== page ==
So they’d driven cross-country, or Bones had. Jim had ridden shotgun the entire way, and not without protest.

“You with me, Jim?” David McCoy gave him a look as he reached for the med kit on the table. He shook his head as he reached for the hypo and checked the dosage. “You’ve got no business driving, son. Not yet. Give it another couple of weeks, now, and maybe we’ll talk. Might let you and Len take the T-Bird out for a spin.”

“Yeah?” Jim laughed at that. Bones had told him about his father’s prized classic Thunderbird, and how he’d only been allowed to drive it after he’d graduated from Ole Miss. “I’ll hold you to that, sir,” he cracked as he submitted to the hypospray, the older man’s hands steady and sure. “…You’re not as rough with that as Bones is.”

“Enough with this ‘sir’ business. I told you to call me David,” Doctor McCoy growled, but the tone was almost as affectionate as that he used with Bones, which made Jim glow with warmth. “I’m not in my dotage just yet.” He snorted as he put the hypo back in the med kit. “If he’s rough, I imagine it’s because he’s administering a dose of tough love along with the medication,” he observed.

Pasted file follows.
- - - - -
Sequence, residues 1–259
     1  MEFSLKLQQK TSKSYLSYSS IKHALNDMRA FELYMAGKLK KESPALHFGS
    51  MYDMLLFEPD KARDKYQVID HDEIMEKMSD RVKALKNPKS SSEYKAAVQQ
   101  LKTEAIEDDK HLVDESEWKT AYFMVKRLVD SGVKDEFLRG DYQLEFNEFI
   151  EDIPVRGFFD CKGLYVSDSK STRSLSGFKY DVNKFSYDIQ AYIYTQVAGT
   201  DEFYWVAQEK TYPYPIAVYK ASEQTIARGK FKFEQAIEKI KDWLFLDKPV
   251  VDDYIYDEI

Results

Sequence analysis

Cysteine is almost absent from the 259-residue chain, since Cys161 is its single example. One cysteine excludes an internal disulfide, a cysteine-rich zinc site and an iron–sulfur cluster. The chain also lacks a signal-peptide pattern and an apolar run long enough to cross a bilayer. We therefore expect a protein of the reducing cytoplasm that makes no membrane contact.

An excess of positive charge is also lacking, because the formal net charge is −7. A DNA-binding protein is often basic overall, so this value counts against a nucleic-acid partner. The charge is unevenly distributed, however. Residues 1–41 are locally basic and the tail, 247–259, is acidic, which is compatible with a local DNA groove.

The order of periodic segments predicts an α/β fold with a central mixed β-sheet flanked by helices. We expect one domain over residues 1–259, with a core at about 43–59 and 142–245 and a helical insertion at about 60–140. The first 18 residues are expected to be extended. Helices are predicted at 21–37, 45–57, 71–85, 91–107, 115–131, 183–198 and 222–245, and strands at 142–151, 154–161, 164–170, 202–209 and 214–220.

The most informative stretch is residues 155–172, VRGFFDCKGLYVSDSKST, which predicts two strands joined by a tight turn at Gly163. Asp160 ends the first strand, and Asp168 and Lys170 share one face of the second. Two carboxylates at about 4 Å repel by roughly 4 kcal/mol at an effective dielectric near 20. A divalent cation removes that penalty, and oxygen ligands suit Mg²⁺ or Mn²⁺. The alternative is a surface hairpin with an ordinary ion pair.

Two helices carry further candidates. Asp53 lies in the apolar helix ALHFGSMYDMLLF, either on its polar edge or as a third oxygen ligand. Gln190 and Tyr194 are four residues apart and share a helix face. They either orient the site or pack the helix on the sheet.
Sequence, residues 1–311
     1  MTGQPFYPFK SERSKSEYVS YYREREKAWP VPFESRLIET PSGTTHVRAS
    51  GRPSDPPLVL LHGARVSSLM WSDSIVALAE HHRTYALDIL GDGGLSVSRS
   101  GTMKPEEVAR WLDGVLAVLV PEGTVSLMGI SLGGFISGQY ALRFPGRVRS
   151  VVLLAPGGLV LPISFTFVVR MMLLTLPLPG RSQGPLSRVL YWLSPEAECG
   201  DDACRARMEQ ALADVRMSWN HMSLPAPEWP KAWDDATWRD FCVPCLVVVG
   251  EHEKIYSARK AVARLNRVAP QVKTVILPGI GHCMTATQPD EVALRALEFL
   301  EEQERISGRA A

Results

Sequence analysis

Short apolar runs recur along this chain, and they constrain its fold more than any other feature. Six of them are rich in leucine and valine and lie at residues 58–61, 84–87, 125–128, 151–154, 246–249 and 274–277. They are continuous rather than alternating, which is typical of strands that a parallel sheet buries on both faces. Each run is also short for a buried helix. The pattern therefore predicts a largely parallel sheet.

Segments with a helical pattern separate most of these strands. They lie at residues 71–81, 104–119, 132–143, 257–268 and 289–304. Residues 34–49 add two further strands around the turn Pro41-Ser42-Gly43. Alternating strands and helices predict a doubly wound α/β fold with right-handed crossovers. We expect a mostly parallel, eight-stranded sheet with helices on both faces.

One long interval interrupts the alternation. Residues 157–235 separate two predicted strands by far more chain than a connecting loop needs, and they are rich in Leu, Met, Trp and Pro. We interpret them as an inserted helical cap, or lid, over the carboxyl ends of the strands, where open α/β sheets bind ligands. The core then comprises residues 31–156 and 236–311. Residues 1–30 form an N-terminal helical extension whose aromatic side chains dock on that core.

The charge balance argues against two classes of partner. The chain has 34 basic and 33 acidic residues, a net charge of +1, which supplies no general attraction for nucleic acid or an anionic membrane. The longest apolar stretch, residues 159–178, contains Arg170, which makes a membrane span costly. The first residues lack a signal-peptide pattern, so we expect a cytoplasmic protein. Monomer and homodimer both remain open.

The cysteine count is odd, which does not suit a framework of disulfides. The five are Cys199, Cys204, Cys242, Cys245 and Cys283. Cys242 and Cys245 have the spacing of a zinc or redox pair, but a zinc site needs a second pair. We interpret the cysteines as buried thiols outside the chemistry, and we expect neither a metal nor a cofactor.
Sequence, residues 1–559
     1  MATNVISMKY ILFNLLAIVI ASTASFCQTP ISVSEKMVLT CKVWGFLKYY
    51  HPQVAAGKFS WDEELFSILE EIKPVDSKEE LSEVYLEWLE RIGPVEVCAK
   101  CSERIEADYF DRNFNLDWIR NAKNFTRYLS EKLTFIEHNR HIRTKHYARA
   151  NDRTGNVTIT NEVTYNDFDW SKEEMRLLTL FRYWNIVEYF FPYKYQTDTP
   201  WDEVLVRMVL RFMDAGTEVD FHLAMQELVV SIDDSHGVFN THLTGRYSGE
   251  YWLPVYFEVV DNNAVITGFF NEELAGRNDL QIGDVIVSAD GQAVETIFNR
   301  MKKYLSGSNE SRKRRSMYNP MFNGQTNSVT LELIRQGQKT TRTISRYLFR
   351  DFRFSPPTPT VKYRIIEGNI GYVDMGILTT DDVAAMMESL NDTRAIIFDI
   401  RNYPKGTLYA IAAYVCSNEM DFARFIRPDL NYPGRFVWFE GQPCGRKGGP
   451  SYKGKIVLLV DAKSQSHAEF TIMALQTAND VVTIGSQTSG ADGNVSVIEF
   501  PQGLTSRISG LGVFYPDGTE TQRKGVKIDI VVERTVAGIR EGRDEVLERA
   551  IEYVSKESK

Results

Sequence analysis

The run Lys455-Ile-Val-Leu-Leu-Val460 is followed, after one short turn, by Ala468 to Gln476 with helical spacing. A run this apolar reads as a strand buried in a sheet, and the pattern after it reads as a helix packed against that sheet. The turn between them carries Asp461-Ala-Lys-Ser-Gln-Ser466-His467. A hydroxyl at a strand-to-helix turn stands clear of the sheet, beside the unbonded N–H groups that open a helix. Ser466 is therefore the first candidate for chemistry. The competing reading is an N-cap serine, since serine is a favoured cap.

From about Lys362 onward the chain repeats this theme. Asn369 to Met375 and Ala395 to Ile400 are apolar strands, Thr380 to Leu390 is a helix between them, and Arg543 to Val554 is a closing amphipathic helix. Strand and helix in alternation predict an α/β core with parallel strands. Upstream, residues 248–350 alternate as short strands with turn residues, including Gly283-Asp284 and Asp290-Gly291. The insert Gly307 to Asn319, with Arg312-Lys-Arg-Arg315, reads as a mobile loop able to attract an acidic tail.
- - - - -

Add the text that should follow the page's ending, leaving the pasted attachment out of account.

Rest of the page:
“Tough love?” Jim repeated, his face coloring just a little.

“Yep,” Doctor McCoy said, leaning against the porch railing. He folded his arms and gave Jim a direct look. “Same as you did, making him earn his pilot’s certification, keeping step with him the whole way. You didn’t let him back down. Kicked his tail when he needed it, Len said.”

“Yeah, and look where it got him,” Jim said before he could think twice. He paused, then swallowed. “He could’ve died.”